East Van Roasters
Canada, Pangoa, Peru, 70%
East Van Roasters is unusual in that they’re a non-profit. They’re a social enterprise that trains and employs women from the Rainier Hotel in the Downtown Eastside of east Vancouver. Being a resident of east Vancouver there are plenty of reasons to support East Van Roasters and chocolate kinda seals the deal.
Everything about the bar feels a little raw and uninhibited. It’s finish was rather matte, it’s had a felted feel to it and it snapped with a pretty muted sound. Soft, you might think. However it’s aroma is very aggressively vegetal and sharp like cranberries mixed with chamomile-lemon tea and, surprisingly, dill. These really bright spots carry over to the overall flavor too. Turns out there was a lot energy under the surface here.
The flavor of this bar makes its home in some soaring heights. Leaving it on your tongue brings curious sensations of fizz and heat. The base is like a rum raisin, which is topped with a lemon tart finished with demerara sugar. It has a pretty high acid content which you can feel more than taste. Acidic chocolate, like salted licorice, isn’t for everyone. There is also some more dill and herb like flavors when you bit down on it. Finally there’s a coppery edge to the flavor, a bit of a dirty edge. The finish leaves your mouth vibrating and singing from the encounter.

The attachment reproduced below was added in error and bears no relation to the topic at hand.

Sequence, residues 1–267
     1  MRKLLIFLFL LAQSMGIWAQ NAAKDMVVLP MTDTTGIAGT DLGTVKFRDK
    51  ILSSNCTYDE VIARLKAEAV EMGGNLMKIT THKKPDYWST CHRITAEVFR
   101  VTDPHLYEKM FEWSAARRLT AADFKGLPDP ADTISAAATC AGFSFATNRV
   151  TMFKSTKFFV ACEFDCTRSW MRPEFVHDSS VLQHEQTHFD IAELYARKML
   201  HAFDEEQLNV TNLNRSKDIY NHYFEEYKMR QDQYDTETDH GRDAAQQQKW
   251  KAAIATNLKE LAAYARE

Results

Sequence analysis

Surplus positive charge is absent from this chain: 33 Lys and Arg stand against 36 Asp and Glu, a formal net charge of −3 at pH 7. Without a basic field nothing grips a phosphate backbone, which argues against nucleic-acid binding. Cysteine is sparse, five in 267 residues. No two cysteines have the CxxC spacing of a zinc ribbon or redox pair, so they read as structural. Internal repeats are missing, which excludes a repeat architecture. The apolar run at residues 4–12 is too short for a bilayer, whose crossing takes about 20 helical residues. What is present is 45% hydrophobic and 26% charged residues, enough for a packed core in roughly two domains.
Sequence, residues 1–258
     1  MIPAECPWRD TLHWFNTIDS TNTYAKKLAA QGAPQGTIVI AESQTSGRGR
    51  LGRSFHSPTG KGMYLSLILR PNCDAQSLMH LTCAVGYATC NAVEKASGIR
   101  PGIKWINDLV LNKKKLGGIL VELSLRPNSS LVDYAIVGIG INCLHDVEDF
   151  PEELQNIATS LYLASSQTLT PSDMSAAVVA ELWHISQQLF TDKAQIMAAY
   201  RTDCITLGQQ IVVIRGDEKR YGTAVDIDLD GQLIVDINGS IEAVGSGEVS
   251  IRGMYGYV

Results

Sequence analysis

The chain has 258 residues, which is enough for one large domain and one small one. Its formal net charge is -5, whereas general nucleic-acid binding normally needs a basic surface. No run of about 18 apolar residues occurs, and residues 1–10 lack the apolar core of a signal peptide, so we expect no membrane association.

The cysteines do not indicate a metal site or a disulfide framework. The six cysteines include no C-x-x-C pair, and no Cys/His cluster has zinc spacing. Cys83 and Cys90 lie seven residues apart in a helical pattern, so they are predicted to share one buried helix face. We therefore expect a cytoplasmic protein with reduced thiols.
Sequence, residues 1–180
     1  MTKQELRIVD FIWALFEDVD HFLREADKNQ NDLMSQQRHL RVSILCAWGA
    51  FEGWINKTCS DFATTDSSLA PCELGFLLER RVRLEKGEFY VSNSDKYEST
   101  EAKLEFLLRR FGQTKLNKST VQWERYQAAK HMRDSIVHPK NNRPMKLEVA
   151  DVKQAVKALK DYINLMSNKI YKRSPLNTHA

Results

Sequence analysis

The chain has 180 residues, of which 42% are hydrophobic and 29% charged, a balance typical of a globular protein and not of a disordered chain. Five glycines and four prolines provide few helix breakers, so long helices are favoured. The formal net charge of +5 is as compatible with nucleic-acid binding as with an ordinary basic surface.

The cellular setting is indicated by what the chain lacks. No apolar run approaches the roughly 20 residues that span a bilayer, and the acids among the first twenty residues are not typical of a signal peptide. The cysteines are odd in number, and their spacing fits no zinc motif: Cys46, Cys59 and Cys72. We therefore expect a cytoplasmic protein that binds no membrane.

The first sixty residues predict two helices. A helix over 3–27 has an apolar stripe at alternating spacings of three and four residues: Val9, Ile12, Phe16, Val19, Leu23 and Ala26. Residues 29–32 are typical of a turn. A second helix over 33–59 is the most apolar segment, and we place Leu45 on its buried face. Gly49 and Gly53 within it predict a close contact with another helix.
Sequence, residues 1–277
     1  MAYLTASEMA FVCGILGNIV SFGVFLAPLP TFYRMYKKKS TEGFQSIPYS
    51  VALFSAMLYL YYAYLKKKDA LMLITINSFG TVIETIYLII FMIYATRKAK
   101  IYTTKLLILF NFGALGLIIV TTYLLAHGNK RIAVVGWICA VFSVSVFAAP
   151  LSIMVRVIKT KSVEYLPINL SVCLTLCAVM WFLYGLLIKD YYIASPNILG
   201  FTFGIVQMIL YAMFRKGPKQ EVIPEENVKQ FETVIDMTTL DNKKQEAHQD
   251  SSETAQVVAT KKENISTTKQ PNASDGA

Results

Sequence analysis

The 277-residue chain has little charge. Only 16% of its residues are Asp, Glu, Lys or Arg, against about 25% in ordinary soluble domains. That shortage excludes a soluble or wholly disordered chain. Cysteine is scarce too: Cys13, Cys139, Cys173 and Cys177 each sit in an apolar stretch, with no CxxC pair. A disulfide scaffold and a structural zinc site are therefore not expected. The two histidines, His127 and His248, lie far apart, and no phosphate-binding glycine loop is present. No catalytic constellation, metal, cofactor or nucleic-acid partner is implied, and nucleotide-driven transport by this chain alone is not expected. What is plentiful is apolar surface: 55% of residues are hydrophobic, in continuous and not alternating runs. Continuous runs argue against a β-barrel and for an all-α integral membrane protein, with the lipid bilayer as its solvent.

It’s larger particle size gives this bar a texture that isn’t too far off of something almost coconutty. It’s melt is pretty slow or, at the very least, the flavor is so full of energy it just feels slow.
This chocolate is extremely expressive, if a little unrefined, and it would be great in a lineup for tasting. If you like bright coffees, chocolates and sour fruit you’ll find something here worth supporting even more than usual.
Being the son of a chocolatier Chris has always enjoyed talking about chocolate as much as he loves eating it. He’s an artist and designer as well as a co-founder of the Chocolate Codex.